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Security Researcher Reveals iOS Security Flaw, Gets Developer License Revoked

Security researcher Charlie Miller revealed earlier today that he had found an exploit in Apple's iOS software that allows an App to run arbitrary code. Apple generally approves all code that is submitted to the AppStore and forbids the execution of un-approved code, but Miller discovered a way to bypass this restriction. Forbes writes:
Miller became suspicious of a possible flaw in the code signing of Apple’s mobile devices with the release of iOS 4.3 early last year.
The researcher soon dug up a bug that allowed him to expand that code-running exception to any application he’d like.
Beyond discovering the bug, Miller went a step further and actually had an App submitted to the App Store which took advantage of this bug. The App was approved and was able to perform as expected:
Using his method–and Miller has already planted a sleeper app in Apple’s App Store to demonstrate the trick–an app can phone home to a remote computer that downloads new unapproved commands onto the device and executes them at will, including stealing the user’s photos, reading contacts, making the phone vibrate or play sounds, or otherwise repurposing normal iOS app functions for malicious ends.
Shortly after the news broke, Apple revoked Miller's developer account, citing a breach of the developer agreement.
“This letter serves as notice of termination of the iOS Developer Program License Agreement…between you and Apple,” the email read. “Effective immediately.”
Miller plans to present his findings at the SysCan conference in Taiwan next week.

Top Rated Comments

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37 months ago
I guess he should have told apple about it instead of submitting that app
Rating: 61 Votes
37 months ago
Meanwhile Google is handing out bounties for stuff like this. Because why would you want to get (almost) free help from industry-leading professionals? Submitting it to the App Store probably wasn't the way to go, though.
Rating: 43 Votes
37 months ago
It's one thing to find a security hole and professionally inform Apple, quite another to write an app to exploit it and announce you will tell the works how to do it in a conference in a week...

Charlie is a smart guy who makes some really stupid decisions.

Professional developers disclose issues in iOS to Apple through secure channels all the time without this media madness.
Rating: 33 Votes
37 months ago!/0xcharlie/status/133739410662494208

For the record, without a real app in the AppStore, people would say Apple wouldn't approve an app that took advantage of this flaw.

That pretty much explains why he submitted the app for approval.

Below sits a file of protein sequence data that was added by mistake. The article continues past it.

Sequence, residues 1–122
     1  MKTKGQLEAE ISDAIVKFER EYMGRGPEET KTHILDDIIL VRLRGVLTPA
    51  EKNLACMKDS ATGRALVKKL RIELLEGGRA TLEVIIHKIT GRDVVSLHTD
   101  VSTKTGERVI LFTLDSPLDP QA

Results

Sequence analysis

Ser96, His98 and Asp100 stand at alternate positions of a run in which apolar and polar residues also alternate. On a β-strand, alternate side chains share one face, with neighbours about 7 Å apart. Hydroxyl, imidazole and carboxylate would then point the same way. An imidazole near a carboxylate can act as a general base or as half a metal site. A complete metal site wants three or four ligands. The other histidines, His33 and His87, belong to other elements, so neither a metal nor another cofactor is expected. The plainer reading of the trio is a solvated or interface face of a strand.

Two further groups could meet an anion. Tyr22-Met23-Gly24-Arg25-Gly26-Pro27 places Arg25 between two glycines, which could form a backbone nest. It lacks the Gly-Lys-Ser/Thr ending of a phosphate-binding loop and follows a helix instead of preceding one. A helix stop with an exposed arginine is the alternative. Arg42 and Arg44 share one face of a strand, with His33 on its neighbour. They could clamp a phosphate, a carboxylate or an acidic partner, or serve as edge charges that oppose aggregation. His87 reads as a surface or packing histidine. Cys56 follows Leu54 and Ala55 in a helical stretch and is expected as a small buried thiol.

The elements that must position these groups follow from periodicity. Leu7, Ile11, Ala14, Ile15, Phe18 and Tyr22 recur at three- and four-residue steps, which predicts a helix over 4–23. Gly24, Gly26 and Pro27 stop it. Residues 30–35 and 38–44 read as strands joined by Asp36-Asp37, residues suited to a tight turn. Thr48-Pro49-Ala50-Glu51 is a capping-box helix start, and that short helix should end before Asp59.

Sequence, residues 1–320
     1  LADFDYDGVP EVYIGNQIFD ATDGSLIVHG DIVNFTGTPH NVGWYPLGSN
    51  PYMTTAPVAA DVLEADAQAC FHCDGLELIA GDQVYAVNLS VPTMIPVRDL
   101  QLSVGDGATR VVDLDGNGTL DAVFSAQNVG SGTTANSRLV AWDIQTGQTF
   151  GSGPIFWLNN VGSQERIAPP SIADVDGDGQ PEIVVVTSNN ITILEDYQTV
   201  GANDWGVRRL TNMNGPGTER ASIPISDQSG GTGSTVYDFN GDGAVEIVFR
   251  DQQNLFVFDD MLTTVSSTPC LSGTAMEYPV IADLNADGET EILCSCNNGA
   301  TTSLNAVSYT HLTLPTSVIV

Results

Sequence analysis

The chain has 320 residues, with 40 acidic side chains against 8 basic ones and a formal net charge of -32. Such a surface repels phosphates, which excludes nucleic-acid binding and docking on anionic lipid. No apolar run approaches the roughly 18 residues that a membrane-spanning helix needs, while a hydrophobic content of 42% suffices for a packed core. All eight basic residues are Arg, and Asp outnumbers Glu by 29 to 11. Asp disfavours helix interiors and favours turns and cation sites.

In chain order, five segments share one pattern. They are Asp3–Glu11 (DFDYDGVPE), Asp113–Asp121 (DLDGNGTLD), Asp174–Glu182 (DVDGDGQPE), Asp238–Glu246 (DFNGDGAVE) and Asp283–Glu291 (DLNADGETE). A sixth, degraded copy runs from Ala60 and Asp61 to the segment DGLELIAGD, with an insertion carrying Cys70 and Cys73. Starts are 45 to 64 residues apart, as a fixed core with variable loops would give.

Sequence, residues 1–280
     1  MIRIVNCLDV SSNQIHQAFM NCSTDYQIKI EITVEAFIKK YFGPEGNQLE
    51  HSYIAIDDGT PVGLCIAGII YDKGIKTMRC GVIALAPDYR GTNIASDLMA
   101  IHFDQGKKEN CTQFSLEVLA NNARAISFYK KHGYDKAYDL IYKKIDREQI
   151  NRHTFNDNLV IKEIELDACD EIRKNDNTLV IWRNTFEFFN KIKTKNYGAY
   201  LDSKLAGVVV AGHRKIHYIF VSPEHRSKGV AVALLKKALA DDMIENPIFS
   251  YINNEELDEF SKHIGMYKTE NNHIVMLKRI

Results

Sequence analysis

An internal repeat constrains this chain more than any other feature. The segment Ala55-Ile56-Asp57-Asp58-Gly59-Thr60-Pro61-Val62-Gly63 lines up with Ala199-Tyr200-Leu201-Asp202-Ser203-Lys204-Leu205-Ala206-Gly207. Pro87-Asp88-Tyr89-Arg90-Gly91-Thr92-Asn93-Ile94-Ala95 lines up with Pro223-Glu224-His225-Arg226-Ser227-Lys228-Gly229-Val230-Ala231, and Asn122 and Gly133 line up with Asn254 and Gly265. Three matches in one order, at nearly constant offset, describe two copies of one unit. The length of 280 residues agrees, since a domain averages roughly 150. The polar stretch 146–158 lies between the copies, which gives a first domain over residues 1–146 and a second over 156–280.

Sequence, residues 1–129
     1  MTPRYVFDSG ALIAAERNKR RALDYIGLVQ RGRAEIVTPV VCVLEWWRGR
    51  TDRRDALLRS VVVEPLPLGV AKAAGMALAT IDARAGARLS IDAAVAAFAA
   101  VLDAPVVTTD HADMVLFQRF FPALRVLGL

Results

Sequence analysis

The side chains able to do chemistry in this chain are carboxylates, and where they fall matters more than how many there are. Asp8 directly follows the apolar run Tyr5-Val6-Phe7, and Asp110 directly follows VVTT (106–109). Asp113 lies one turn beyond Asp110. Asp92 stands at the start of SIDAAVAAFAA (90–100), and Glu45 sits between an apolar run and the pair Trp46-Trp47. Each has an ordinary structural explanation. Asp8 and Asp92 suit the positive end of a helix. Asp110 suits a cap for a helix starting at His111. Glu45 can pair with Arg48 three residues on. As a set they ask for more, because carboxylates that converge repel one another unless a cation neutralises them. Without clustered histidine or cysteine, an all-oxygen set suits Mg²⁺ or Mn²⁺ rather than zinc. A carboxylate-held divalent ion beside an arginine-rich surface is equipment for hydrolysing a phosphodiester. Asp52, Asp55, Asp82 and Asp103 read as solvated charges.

I have no doubt that many would have said this wouldn't have got through if he simply revealed the flaw without submitting an app.
Rating: 23 Votes
37 months ago
I wasn't aware that Google rewarded people for exploiting their security flaws without their consent. :rolleyes:

No company or person likes to be exploited. Miller should have revealed the findings instead of trying to take advantage of the flaw.
Rating: 22 Votes
37 months ago
If you read the source article, the guy reported the bug to Apple a month ago.


This makes Apple look pretty bad. And if he had submitted the bug what are the chances Apple would have responded in a timely manner if at all?

He submitted the bug to Apple on Oct 17 according to the source article.
Rating: 22 Votes
37 months ago

I guess he should have told apple about it instead of submitting that app

That's what people are supposed to do and actually do. :)
Rating: 17 Votes
37 months ago
He violated the TOS. It's not really surprising that Apple took this stance.
Rating: 16 Votes
37 months ago

This makes Apple look pretty bad. And if he had submitted the bug what are the chances Apple would have responded in a timely manner if at all?

Are you an Apple developer? Bug reporter is very active and issue like this is treated as DEFCON 1. This is a huge bug when exploited is an unbelievably huge security leak. Apple cannot tolerate to have left this for more than a week as well.

Plus the guy made an app. Submitted it. Got it accepted and placed in the app store. Probably spent a month just to prove his concept.
Great. That's how you get revoked.

On another note, I'd be surprised if Apple doesn't take a stance against this developer as instead of giving this info to Apple, he decided he would make a video out of it and bring some free media hype and undeniable fame. Cool.
Rating: 16 Votes
37 months ago
Telling Apple about it? Excellent, have a cookie.

Uploading an exploit to a live environment where people can download it? Not cool.
Rating: 16 Votes

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